Watching the news in the evening is a bit like being on an emotional Tilt-aWhirl. “Isis now sets people on fire.” “Harper Lee has a new book out!” “Some oddballs are bringing measles back because they’re scared of autism, which is a bit like saying I’m worried about birthday candles, so let’s start a forest fire.” “It’s going to be gorgeous this weekend!” “Look, a politician being deliberately rude.” “And also, look at these adorable puppies!” My limbic system does not work that fast!
I found this Facebook status, a few weeks back, on a friend’s timeline and I thought it perfectly summed up the world right now. Add a splash of humour and that helps, it helped me to smile for a moment, even as I was horrified by what I was seeing on the news that night.
I have had these news stories on my mind for a while now.
Every night on the news there’s: Isis engaged in holding people hostage and burning them alive, measles seems to be spreading with a fear of vaccinations and a backlash to go along with that, here in Canada the assisted suicide debate is being ignited by our court’s recent ruling, Deflate-Gate was the name for this year’s Super Bowl, and the Fifty Shades hype just won’t be silenced.
For the next five weeks, I will be discussing one of these news stories and sharing my thoughts here because I just can’t seem to get all five of these stories out of my head.
In this case, I will go backwards and work my way, from last to first. In five weeks time I shall see where we are with terrorism and extreme groups because I’m sure this particular story isn’t going away.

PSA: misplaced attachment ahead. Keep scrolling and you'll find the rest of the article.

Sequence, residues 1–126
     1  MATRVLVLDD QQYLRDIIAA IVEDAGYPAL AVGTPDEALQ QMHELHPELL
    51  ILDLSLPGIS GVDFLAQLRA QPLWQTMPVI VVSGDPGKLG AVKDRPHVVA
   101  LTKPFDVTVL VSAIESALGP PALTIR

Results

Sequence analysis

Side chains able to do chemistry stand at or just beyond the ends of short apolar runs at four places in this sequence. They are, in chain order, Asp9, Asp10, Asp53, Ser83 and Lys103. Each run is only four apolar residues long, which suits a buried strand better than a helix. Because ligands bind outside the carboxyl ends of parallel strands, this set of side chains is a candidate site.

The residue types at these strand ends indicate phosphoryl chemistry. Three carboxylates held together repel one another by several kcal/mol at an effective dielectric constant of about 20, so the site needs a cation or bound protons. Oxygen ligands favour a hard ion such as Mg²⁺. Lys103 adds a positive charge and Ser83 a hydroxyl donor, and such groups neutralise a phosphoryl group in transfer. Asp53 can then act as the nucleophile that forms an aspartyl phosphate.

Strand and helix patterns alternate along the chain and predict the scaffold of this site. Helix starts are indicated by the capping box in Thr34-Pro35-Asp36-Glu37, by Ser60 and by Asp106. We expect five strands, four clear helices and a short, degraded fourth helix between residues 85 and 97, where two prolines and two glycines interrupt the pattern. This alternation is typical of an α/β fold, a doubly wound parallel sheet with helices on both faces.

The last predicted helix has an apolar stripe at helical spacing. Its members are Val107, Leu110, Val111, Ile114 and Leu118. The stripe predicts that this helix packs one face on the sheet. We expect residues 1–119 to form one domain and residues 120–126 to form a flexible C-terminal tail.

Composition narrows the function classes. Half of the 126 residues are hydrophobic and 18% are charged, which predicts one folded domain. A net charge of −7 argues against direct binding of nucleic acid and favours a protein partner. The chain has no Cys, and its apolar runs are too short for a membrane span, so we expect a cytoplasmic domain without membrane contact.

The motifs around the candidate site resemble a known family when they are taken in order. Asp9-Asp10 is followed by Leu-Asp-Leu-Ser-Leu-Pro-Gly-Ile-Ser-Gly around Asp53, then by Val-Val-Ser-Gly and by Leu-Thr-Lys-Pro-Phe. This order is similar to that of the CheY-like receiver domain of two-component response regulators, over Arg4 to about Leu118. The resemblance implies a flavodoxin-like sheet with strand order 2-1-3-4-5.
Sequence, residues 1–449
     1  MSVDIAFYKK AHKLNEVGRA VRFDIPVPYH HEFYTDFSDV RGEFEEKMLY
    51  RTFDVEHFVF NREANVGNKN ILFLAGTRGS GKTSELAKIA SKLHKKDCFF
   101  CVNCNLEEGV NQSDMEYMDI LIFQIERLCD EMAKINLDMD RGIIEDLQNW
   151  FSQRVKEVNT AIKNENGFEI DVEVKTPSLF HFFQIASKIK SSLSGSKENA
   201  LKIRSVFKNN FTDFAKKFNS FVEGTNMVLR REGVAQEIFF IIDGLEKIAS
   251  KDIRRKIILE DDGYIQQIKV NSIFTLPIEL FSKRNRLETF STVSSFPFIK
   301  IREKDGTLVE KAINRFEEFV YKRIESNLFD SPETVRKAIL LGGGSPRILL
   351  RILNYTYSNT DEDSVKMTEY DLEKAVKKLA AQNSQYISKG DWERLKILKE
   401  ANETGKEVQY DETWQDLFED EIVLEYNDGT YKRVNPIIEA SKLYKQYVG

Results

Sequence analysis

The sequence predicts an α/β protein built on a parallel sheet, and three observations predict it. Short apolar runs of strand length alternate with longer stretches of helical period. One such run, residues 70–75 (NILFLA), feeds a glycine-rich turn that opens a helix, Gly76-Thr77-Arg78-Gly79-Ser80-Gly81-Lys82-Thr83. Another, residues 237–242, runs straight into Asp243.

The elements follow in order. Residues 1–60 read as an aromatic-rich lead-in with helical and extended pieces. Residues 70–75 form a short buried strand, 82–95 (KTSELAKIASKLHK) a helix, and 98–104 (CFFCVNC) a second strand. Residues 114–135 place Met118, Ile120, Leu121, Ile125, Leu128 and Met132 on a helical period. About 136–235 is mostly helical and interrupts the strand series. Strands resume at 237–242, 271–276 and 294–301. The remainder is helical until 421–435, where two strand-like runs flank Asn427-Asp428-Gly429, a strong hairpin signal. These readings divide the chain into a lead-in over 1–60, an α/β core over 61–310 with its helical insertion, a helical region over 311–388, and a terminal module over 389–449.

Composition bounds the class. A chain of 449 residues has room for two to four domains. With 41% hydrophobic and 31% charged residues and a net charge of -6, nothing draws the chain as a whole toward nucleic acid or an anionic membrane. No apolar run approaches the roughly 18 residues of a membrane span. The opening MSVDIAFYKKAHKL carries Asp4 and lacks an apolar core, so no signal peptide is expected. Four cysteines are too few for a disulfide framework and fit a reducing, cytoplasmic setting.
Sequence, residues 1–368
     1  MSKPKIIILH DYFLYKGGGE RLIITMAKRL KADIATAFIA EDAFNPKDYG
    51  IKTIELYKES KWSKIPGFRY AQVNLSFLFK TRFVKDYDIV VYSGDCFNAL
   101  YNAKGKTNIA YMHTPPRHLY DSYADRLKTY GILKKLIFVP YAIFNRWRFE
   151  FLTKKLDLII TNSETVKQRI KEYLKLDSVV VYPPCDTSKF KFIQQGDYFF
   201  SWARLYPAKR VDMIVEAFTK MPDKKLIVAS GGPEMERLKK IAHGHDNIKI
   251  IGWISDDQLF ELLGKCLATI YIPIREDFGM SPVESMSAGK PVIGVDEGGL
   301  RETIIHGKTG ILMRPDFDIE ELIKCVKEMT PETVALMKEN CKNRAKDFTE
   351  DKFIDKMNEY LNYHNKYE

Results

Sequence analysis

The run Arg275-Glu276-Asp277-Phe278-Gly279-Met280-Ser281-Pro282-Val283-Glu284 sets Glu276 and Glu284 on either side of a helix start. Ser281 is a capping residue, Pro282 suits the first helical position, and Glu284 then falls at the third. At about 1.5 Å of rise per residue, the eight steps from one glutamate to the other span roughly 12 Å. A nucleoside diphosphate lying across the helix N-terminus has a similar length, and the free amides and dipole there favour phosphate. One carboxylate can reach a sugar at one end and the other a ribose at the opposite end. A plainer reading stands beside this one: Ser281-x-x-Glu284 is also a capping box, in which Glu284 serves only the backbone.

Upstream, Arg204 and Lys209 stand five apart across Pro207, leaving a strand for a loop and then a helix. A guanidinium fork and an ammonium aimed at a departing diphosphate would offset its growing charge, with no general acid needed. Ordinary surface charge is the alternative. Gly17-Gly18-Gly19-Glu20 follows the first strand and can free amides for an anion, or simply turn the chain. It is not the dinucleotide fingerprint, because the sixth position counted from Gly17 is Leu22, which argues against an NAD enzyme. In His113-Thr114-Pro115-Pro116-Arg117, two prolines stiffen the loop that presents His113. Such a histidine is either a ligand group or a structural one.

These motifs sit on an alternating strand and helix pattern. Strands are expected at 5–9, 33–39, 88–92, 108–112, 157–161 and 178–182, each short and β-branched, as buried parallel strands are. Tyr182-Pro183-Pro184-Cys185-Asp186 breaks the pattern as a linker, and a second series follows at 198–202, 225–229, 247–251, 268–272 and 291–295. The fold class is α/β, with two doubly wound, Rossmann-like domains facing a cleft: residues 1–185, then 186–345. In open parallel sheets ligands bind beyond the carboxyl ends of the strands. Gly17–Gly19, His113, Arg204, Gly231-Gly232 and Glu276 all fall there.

I liked to make the joke that all that Fifty Shades hype stole my birthday thunder, but on a more serious note I feel there is a bigger discussion going on here than any movie, no matter how much it rakes in.
I read the books after they came out and they are no Lord of the Rings: from Gandalf the Grey to Christian Grey. This, in no way, is a comparison of the two, other than their character titles.
When I read, I was curious what kind of writing to expect and I thought it was a lot of ridiculous catch phrases and emails, back and forth, between the two main characters. I guess, in modern fiction, email and texting are to be expected.
My most loathed line from the story is the line “Laters, Baby,” getting on my nerves after the third time or so and there were three whole books of it.
Cheesiest line ever? I would have to say this one takes the cake.
I don’t like to judge anyone who has written a novel, let alone three, but as a writer I can’t say it stayed with me after I finished it.
To explain why this story took off is beyond my expertise, but I can’t ignore the cultural significance, for whatever it’s worth.
If it has our society on fire, getting us talking, I can’t fault it. If you have a history of being sexually or physically abused and violated, it’s going to touch a nerve and I can’t say I wouldn’t feel the same way.
I have never had that happen to me and I could come from a more neutral point-of-view. It touches no nerve for me to read. The battered women’s shelters were protesting and suggesting movie-goers should take the money they’d spend on Fifty Shades movie tickets and instead donate that to one of the abuse awareness organizations or shelters.